Hijacking the Iraq war to justify extremism

As a British Iraqi I feel deeply let down by Ken Livingstone



I am British of Iraqi descent, and like many British Iraqis I knew, I had adamantly opposed the Iraq War. Again with the majority, I did not oppose the Iraq War because of an admiration for Saddam – many of my family members were forced to flee or be executed by his ‘republic of fear’. I opposed it because of the sheer fact that it was a foreign invasion with ‘collateral damage’ and with fantastical claims of WMDs and the instilling of an immediate democracy.

Ken Livingstone stated last night on BBC Question Time that the 7/7 bombers committed their acts of terror in London in 2005 in protest at the Iraq invasion. Words cannot describe how let down I felt by a man for whom I have voted for in the past and rallied behind against the invasion of Iraq.

I felt this way because he stated this so-called ‘justification’ without any question, or qualification, and effectively legitimised the argument that the Iraq war was a cause (not a correlating factor in) of home-grown terrorism. No such privileged mention was given to those Iraqis and Muslims in the UK who have dedicated their work to promoting inclusion, democracy and plurality in automatic reaction to the tragedy that is the Iraq war.

He seemed to be suggesting that if you were affected by the Iraq war, and you are grieving, you get a free pass to propagate any message you like as well as act on it – even if it leads to terrorism.

What is happening, as Ken Livingstone demonstrated last night, is that some people in Britain are justifying extremism by pointing to the grievances of the Iraq war. I fail to understand how these grievances translate to adopting ideologies that dehumanise the British public and vast majorities of the Iraqi population.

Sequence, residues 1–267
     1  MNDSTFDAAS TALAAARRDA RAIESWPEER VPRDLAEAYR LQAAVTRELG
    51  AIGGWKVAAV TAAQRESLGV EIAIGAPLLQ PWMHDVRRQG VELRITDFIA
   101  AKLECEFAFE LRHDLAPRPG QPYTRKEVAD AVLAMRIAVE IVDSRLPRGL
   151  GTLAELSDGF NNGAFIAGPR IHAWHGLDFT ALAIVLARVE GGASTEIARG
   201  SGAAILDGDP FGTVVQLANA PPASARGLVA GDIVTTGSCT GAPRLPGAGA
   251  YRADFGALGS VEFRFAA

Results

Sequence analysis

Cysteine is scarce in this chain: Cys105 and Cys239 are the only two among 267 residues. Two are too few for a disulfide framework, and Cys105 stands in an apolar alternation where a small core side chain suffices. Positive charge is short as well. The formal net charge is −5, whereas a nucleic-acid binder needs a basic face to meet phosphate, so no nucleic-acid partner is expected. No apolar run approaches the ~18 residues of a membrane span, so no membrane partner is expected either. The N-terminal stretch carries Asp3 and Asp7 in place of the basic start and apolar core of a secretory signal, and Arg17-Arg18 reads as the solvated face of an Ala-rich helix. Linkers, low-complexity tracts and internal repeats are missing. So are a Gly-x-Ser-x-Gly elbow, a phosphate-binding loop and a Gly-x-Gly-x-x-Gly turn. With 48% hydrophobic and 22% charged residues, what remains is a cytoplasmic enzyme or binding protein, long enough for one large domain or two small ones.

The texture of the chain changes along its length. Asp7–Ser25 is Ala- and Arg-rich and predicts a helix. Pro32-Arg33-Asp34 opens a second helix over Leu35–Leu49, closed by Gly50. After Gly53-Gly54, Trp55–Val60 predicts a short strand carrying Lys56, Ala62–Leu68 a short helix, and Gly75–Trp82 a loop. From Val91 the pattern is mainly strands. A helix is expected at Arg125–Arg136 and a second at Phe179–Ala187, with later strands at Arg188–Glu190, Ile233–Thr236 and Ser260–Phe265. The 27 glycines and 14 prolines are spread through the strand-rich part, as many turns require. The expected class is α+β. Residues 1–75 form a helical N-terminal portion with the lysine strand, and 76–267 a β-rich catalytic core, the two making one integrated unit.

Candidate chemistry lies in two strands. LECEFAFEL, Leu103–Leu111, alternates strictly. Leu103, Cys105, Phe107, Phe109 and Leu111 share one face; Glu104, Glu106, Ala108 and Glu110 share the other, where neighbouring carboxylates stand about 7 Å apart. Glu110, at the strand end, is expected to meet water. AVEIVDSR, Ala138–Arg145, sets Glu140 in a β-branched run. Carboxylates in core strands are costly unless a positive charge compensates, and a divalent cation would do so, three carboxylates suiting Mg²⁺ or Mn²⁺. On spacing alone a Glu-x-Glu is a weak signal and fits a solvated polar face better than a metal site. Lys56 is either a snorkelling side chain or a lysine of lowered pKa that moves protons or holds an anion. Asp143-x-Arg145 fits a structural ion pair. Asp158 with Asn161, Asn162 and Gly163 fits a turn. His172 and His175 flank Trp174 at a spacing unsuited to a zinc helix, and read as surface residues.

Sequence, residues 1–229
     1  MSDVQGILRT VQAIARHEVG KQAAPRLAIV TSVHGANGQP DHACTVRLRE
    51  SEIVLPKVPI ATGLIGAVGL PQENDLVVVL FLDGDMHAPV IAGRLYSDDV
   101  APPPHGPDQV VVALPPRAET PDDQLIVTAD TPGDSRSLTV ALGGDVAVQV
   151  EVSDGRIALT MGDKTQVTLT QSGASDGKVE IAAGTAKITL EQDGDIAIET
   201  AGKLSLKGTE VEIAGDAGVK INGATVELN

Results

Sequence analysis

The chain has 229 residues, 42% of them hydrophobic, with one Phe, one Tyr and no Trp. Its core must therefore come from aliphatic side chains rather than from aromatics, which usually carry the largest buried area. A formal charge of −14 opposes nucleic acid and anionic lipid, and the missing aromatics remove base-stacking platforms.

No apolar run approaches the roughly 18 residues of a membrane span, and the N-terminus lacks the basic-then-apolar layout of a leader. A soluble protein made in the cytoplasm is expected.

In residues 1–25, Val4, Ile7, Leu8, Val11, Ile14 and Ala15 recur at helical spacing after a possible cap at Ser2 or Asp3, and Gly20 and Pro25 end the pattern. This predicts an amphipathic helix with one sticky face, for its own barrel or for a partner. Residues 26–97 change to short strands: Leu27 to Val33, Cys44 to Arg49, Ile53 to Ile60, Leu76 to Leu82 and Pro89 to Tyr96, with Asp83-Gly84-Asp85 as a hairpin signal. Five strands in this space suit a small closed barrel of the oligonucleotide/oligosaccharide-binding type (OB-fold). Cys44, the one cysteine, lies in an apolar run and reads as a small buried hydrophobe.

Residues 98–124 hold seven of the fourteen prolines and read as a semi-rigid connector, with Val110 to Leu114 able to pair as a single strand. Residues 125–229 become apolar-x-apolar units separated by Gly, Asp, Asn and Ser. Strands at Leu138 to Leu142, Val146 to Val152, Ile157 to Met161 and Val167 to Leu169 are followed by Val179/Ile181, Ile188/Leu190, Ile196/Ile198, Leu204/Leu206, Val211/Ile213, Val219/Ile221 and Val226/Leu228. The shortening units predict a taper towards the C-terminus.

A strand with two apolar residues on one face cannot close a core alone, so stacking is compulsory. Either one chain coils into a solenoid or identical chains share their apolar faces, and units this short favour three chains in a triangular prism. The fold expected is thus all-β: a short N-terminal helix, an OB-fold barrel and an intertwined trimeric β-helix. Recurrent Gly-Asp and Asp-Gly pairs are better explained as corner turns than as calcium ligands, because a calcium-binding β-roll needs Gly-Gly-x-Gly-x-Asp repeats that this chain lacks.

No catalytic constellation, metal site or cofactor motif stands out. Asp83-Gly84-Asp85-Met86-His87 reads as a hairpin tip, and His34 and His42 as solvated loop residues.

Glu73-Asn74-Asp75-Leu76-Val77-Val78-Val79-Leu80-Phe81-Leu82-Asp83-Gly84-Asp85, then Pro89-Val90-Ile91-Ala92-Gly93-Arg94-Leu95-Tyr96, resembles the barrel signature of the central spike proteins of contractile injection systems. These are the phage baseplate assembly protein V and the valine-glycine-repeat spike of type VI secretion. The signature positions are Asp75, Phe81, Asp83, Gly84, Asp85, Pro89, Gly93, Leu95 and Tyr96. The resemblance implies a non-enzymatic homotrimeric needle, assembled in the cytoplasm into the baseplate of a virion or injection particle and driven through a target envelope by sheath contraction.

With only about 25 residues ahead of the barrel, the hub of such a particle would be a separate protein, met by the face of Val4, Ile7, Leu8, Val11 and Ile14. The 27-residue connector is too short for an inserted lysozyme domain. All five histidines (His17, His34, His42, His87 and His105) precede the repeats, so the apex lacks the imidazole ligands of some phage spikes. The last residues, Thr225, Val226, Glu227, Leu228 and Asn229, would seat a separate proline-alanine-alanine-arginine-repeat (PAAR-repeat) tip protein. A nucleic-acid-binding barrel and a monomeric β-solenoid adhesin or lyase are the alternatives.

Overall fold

It is reported that approximately 1 million citizens within the UK went out directly demonstrating against the invasion in 2003. Only a minority of this number hold extremist attitudes that harbour negative and derogatory sentiments towards Western states; and even fewer actually rationalised the acts of violence committed by the 7/7 perpetrators. 

The sheer absurdity of such rationalisation is also unearthed once you realise that the dominant form of Islamist extremism, and the rigid takfirism (excommunication from the Islamic faith) practiced by the 7/7 bombers, accuses up to 70 per cent of the Iraqi population of being kaffir (disbelievers) and/or heretics.

The manipulation of the Iraq war grievance to legitimise extremist ideologies is driven by a political agenda. Ken Livingstone is seemingly utilising this justification to propagate the message of ‘I told you so’ in what can only be seen to be a cheap ploy for scoring political points. The extremists on the other hand, are utilising it to bolster their ‘Westophobic’ narratives as proof of a grandiose plan for the ‘West’ to undermine Islam.